Trump succeeded in persuading the Supreme Court to bypass the normal appeal process and take the case immediately: Our view
Republican strength over the past decade has relied in part on the unique circumstances of 2010, when an electoral romp at the state level afforded the GOP the power to grotesquely gerrymander congressional districts to its advantage. But this power is likely to be limited in the coming decade. With a Census scheduled for next year and redistricting the following year, the Republican Party is looking at a distinctly different landscape.
Several states badly gerrymandered by Republicans after the 2010 Census now have Democratic governors with veto powers. (Maryland, the state most grotesquely gerrymandered to Democrats’ advantage, meanwhile, just re-elected its Republican governor.)
What’s more, state ballot initiatives limiting gerrymandering have been passing whenever they have been on the ballot. Last November four states — Colorado, Michigan, Missouri and Utah — approved such measures, and the Supreme Court could act against gerrymandering as well.
In its uniquely crass and cynical way, the Trump administration has been looking for ways to offset the party’s declining power to gerrymander. It thinks it has found one in a plan to mess up the Census so much that it would undercount people in big cities and other Democratic-leaning areas, giving them less representation in Congress and state legislatures.
The idea is to intimidate immigrants by asking on the Census whether each person in a household is a U.S. citizen.
Fortunately, two federal judges have seen Trump’s plan for what it is — an appalling power grab designed to maintain Republicans in office and withhold funds from places Trump doesn’t like. As one of them, Judge Jesse Furman observed in his ruling last month: “Ours is a government of laws, and not of men.”
But the Trump administration is pressing on. Last month, it succeeded in persuading the Supreme Court to bypass the normal appeal process and take the matter up immediately. With only time for one more level of review before Census work must begin, the court reasoned that the case might as well be decided at the top.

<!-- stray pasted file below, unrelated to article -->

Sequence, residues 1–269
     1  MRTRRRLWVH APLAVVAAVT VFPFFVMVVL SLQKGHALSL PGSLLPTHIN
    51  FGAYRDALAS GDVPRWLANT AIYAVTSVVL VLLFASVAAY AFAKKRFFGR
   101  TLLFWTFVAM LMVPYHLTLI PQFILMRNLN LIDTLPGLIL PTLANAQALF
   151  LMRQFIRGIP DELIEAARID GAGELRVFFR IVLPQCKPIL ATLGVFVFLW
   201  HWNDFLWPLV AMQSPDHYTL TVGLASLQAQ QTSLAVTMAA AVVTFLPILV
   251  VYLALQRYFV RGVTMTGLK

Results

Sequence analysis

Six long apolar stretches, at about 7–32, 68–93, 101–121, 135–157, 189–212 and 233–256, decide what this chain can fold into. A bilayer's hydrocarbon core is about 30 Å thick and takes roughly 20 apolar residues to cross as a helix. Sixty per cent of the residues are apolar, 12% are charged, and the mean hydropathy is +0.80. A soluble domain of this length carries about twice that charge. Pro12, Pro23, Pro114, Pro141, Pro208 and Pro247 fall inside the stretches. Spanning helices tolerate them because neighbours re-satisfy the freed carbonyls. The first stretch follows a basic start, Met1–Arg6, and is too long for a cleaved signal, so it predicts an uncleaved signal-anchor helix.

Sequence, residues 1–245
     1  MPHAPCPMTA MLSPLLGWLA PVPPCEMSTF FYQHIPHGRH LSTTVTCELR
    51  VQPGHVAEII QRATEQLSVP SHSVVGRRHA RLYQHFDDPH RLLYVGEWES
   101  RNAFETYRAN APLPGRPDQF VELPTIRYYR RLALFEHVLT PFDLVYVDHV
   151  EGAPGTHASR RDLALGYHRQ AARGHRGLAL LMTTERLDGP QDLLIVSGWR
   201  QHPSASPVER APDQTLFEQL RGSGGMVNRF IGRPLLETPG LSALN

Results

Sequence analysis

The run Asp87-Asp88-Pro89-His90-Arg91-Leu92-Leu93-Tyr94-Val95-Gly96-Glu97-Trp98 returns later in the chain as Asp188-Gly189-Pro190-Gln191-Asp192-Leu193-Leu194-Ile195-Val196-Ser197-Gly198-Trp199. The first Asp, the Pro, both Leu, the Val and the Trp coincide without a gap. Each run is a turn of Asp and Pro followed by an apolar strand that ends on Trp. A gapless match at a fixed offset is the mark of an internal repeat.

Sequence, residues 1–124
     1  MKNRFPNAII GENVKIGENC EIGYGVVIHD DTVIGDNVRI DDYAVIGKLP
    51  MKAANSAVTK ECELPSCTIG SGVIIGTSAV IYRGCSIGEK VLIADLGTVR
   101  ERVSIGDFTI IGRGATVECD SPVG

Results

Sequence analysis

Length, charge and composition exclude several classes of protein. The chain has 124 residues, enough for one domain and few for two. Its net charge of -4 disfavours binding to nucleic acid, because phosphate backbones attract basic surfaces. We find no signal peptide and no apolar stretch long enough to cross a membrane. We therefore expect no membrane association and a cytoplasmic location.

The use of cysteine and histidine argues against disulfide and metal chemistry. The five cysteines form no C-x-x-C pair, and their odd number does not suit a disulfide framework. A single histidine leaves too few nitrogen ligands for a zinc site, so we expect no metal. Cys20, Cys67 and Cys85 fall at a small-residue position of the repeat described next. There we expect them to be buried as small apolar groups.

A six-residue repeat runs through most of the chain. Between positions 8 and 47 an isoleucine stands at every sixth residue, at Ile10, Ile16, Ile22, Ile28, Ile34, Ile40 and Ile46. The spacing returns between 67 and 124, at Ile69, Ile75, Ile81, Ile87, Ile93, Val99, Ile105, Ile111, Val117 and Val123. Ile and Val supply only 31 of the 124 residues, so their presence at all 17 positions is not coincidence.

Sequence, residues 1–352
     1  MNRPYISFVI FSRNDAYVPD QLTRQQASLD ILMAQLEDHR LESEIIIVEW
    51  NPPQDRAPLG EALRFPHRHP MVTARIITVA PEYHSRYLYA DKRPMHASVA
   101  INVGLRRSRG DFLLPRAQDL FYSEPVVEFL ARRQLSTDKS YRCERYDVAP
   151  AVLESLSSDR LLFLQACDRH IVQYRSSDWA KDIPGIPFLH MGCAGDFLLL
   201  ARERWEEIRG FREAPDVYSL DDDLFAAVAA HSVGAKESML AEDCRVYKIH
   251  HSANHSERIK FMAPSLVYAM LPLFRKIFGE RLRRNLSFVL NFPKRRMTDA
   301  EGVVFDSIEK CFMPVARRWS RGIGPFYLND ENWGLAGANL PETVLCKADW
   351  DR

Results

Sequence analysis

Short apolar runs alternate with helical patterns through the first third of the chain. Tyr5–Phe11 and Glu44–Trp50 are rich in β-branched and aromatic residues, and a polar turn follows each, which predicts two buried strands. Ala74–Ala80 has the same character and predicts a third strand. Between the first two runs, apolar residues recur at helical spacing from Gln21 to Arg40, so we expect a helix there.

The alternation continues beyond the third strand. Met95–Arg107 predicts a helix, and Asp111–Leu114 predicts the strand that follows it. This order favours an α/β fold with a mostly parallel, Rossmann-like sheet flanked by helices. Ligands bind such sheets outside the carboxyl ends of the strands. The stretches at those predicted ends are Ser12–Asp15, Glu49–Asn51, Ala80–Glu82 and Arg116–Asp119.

The truth is the Census Bureau does ask about citizenship, as well as a whole lot of other things, in something known as the American Community Survey. This survey sent to about 3.5 million households is what used to be known as the “long form” Census questionnaire. Now it is done every year, not once a decade.
The actual Census is short. It asks the name, age, gender and race of each person living in a household. Its purpose is to get an accurate head count of all people living in America, regardless of their legal status. This count is used to determine both political representation and the amount of federal and state money a community receives.
Latinos in particular have been reluctant to participate, even in light of massive campaigns by nonprofit groups designed to encourage them to do so. In some cases, this has been because at least one person in a household is undocumented. In others, it has been driven by general distrust of all things government.
With the Trump administration pushing the citizenship question, the level of trust is at a low. A poll conducted for the National Association of Latino Elected and Appointed Officials found that 79 percent of Latino registered voters worry the Census Bureau could share information with Immigration and Customs Enforcement and other agencies.
In addition to the trust issue is the one of mechanics of a mammoth and complex undertaking such as the Census. Each question means roughly 325 million answers. Without adding considerable resources, this would drive down compliance, disproportionately in communities that don’t fully understand the need for an accurate count.
The Trump administration, of course, recognizes all that. And so should the Supreme Court.
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